Schedule your move day with movers at least a month ahead of time to guarantee your perfect time slot. Planning ahead in this way also leaves plenty of room to negotiate with your moving company to find the cheapest time of the month to move. If you have a flexible schedule or able to put in for the time off ahead of time you’ll open up even more possibility for snagging a great deal.
In fact, schedule everything.
Make a schedule and to do list for the moving process. Add it to your calendar, whether that be physical, digital or both! Know your disconnect times will be and when you need to bring back items like cable boxes. Call in for help at least a few weeks out so friends and family are able to make room in their own schedules to help you out.
Pack a little bit each day starting with the least essential items you can easily live without. Save money on boxes by asking your local stores, like the grocery or liquor store, for free boxes. Keep thick blankets out to wrap fragile items like your television in if your moving company doesn’t offer them or you’re moving on your own. Buy different colored packing tape to color code boxes by room. Assign one room to each color and label each box well by including its contents to make unpacking a snap.
Be prepared on moving day.
Find the fastest and shortest route from your old house to the new one. While researching be on the lookout for potential tie-ups like construction or a large town event. Have extra packing tape, light bulbs, and extension cords on hand for moving day. Before unplugging all of your electronics take pictures of your cord setup to take the guesswork out of setup at the new house. Defrost and clean out your fridge at least the day before move day. You’ll avoid messy leaks and can look forward to a like-new fridge on move-in day. Keep a cleaning kit on hand and at the ready, you never know what accidents might pop up during the moving process.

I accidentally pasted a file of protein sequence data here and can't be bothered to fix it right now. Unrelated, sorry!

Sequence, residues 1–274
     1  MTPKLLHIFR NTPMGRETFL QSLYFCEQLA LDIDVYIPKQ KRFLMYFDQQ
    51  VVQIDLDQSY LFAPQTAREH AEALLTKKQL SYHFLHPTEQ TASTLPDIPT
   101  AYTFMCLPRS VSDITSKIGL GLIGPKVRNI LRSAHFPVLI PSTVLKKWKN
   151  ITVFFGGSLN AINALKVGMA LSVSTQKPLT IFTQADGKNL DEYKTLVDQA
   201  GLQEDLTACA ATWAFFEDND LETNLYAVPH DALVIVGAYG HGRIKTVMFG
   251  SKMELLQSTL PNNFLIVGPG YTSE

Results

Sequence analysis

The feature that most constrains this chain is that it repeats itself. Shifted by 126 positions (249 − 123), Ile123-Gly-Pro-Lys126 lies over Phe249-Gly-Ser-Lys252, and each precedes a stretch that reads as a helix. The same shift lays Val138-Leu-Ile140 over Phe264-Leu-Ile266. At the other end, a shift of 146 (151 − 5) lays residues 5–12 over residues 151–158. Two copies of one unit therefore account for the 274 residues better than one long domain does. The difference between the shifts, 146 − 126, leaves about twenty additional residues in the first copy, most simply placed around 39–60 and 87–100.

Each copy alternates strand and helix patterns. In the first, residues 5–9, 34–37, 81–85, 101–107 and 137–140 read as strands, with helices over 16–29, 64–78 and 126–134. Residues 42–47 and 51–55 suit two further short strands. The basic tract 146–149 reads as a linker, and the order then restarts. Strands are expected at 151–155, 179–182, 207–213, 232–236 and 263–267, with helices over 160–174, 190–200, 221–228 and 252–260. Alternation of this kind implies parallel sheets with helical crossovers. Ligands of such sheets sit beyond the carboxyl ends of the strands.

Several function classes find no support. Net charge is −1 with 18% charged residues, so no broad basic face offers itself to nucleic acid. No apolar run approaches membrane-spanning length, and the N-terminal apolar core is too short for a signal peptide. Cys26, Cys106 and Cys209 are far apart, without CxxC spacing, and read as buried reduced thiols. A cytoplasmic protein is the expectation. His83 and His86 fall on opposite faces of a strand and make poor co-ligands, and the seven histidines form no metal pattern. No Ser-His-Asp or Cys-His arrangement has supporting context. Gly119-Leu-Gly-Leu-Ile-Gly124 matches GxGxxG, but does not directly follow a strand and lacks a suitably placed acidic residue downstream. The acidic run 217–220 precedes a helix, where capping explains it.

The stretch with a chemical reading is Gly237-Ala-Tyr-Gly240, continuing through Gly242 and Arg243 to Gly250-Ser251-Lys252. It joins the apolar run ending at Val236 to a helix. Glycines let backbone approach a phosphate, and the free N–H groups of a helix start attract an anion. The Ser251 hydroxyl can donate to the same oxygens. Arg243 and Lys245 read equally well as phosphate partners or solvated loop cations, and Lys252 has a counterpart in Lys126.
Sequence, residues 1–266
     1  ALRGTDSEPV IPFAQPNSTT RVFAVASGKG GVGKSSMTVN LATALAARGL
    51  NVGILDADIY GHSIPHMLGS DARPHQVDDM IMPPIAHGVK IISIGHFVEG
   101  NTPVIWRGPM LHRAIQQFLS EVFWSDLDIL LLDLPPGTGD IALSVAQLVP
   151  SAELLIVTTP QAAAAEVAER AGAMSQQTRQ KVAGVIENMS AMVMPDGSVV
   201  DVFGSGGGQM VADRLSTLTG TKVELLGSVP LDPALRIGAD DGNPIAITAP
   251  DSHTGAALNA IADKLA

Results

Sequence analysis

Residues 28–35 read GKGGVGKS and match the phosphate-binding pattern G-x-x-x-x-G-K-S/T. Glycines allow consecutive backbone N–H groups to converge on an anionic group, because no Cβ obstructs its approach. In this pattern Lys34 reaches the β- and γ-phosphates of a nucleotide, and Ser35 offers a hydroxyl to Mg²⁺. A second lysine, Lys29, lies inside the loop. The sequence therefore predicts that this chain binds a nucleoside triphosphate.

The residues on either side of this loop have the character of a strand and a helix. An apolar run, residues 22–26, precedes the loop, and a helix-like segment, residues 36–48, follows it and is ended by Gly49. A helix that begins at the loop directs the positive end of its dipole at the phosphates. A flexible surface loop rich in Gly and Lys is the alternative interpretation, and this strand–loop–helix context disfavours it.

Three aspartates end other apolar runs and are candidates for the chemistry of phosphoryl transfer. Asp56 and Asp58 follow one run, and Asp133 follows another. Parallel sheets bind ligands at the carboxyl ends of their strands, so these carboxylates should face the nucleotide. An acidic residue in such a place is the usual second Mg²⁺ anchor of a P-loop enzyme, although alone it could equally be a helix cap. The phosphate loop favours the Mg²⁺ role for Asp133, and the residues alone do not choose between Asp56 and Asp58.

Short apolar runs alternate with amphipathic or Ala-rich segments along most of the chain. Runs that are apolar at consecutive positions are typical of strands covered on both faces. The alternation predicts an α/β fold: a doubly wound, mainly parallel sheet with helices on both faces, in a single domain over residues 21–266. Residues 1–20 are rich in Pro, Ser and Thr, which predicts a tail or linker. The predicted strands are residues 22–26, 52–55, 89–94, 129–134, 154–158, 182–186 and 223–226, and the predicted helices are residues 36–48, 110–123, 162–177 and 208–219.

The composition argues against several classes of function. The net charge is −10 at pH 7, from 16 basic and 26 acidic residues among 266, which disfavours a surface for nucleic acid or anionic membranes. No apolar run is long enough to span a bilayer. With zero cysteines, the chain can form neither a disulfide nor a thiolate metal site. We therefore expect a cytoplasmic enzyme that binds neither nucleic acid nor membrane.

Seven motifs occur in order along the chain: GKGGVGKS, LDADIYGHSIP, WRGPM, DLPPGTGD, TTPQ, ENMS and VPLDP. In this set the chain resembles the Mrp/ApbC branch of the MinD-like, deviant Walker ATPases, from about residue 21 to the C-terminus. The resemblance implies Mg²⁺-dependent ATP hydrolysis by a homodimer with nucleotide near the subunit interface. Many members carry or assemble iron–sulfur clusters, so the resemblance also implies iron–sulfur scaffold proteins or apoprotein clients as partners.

FHA loans have long been a valuable resource for Americans who want to fulfill their goal of homeownership but who don’t have the benefit of a lengthy credit history and equity.
If you’re hoping to buy a home in the near future but want to explore all of your options in terms of financing, this article is for you.
Today we’re going to talk about FHA loans and how to know if you qualify for one.
What are FHA loans?
FHA loans are issued by private mortgage lenders across the country, just like regular mortgages. The difference, however, is that an FHA loan is “guaranteed” by the federal government.
Lenders decide your borrowing eligibility, and how much you can borrow, by determining risk. If you don’t have a sizable down payment (oftentimes 20% or more) and you have a low credit score, most mortgage lenders will see you as a risky person to lend to.
When you get an FHA loan, however, the federal government assumes some of that risk, allowing you to secure the loan anyway.
This means you can buy a home with a low credit score, a smaller than usual down payment, and save on some closing costs.
How do I qualify for an FHA Loan?
To find out if you qualify for an FHA loan, you’ll head to the same place as a traditional mortgage--a mortgage lender. Oftentimes, you can simply call or visit the website of lenders to get the process started.
As with all things, it’s a good idea to shop around for a mortgage lender. Their offerings will be largely similar, but there might be minor differences that make one better than another for your particular circumstances.
Down payment requirements
To secure an FHA loan, you will need to make a down payment of at least 3.5%. However, this low down payment comes with a price. You’ll typically be required to pay private mortgage insurance (PMI) fees on top of your accruing interest for your loan.